According to a new study giving babies vitamin D may help prevent type-1 diabetes. Anne Harding of Reuters explains:
"This is just another reason why current recommendations regarding vitamin D supplementation should be rigorously adhered to," Dr. Christos S. Zipitis told Reuters Health.For more parenting news, check out DiseaseProof’s healthy parenting category.
Vitamin D is produced in the skin with sun exposure. Deficiency in the nutrient can lead to a host of health problems, Zipitis said. Because breast milk typically contains little vitamin D, the American Academy of Pediatrics recommends vitamin D supplements for nursing infants and UK public health authorities say that all children should receive the supplements for at least the first two years of life.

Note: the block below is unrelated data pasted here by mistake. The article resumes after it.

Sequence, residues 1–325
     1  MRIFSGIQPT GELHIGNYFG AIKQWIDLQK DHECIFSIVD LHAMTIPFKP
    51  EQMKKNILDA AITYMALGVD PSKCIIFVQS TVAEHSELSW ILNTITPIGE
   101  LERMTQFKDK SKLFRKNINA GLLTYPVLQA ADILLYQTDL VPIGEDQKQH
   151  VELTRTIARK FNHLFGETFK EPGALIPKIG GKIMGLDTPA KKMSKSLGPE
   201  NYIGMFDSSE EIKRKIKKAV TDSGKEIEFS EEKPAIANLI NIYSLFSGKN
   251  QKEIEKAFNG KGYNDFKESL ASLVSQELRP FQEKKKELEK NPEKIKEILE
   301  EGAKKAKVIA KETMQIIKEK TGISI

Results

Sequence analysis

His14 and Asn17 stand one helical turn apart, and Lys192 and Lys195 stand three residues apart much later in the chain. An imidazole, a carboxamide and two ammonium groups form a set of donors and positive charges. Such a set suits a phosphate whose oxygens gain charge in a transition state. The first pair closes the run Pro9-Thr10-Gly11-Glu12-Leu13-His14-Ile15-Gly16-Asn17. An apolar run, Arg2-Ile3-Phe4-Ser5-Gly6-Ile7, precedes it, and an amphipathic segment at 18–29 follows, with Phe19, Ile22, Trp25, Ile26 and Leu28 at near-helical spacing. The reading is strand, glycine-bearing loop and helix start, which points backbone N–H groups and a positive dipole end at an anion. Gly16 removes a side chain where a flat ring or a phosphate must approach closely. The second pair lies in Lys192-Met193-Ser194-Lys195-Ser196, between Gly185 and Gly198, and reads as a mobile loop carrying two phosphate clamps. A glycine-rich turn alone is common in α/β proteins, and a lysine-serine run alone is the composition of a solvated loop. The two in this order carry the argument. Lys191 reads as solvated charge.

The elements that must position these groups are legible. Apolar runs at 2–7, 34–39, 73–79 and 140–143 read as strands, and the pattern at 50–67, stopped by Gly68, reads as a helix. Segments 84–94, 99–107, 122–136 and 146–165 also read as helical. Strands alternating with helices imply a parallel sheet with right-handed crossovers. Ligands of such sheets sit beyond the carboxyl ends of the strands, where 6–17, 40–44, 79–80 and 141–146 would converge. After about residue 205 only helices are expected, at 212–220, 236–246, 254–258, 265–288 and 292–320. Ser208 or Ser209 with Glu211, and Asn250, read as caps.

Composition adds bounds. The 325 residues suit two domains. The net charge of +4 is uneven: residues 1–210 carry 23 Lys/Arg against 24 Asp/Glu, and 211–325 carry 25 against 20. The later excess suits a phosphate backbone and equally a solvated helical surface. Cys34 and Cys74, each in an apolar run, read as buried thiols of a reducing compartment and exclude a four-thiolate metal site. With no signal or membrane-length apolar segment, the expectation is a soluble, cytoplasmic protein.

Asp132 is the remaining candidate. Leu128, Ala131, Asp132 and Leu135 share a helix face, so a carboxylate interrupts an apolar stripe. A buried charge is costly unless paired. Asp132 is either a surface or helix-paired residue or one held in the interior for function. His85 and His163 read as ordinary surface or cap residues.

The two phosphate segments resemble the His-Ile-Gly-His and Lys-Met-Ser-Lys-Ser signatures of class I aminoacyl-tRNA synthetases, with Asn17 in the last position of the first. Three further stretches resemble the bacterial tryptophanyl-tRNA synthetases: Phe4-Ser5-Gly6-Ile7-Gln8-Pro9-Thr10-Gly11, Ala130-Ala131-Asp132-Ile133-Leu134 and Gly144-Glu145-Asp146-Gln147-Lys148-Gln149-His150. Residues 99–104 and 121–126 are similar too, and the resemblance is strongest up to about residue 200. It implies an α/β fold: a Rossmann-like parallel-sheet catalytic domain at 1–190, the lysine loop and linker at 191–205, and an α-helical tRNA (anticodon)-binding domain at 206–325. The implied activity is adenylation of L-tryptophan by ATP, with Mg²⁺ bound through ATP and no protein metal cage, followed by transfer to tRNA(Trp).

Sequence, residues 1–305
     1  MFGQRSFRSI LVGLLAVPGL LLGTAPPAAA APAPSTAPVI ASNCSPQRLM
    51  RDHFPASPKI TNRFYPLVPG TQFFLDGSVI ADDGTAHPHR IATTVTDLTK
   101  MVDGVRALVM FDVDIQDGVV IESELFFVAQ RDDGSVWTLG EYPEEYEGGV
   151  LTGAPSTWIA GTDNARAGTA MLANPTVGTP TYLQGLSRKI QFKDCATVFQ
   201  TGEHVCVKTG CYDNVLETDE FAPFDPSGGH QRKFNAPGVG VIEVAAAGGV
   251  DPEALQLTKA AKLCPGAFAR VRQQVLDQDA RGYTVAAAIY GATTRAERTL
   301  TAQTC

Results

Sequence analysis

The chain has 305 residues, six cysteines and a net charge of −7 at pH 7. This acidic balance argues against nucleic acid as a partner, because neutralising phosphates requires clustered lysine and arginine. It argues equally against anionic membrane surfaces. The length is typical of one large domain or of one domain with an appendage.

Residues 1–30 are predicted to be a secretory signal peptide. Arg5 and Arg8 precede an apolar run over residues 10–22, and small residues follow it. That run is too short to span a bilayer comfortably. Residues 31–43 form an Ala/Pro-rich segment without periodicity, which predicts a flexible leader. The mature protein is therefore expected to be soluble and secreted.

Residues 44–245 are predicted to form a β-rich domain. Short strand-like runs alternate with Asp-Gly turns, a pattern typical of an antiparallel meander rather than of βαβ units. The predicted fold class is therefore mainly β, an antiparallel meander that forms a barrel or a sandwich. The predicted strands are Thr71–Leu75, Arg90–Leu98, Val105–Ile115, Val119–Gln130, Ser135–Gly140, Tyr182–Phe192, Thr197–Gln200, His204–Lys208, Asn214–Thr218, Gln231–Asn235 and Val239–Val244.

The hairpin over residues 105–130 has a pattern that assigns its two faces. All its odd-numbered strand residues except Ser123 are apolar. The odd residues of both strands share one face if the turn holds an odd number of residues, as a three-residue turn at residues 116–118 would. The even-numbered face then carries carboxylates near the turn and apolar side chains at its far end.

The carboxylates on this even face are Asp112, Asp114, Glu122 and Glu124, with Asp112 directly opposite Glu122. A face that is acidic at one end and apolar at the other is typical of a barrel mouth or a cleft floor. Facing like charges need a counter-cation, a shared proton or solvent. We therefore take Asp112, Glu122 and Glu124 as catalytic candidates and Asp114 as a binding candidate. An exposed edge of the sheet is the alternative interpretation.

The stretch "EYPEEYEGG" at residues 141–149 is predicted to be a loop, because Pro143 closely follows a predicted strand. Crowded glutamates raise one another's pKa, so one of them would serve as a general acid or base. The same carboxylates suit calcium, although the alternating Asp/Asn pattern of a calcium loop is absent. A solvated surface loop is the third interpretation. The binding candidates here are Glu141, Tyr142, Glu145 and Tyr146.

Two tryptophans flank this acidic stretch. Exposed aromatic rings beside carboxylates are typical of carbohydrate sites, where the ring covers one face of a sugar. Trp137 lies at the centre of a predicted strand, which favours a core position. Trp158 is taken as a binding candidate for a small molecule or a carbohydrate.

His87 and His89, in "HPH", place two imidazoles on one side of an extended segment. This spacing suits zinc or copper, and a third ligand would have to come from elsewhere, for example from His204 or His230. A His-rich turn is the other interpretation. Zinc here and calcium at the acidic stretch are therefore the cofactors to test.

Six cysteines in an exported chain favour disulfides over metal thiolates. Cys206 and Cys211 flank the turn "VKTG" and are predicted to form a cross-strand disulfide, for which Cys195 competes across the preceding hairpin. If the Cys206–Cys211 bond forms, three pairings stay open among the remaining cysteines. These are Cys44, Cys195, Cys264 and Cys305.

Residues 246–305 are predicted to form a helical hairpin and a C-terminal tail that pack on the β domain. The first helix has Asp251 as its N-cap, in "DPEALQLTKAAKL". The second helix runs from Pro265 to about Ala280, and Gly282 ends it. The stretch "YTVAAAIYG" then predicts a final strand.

There are a number of clues suggesting a link between low vitamin D levels and type 1 diabetes, Zipitis of Stockport National Health Service Foundation Trust and Dr. A. K. Akobeng of Booth Hall Children's Hospital in Manchester, UK, note in their report in the Archives of Disease in Childhood.
The investigators reviewed all published research on vitamin D supplementation and diabetes risk. Overall, they found, infants who were supplemented with Vitamin D were 29 percent less likely to develop type 1 diabetes than children who had not received supplements.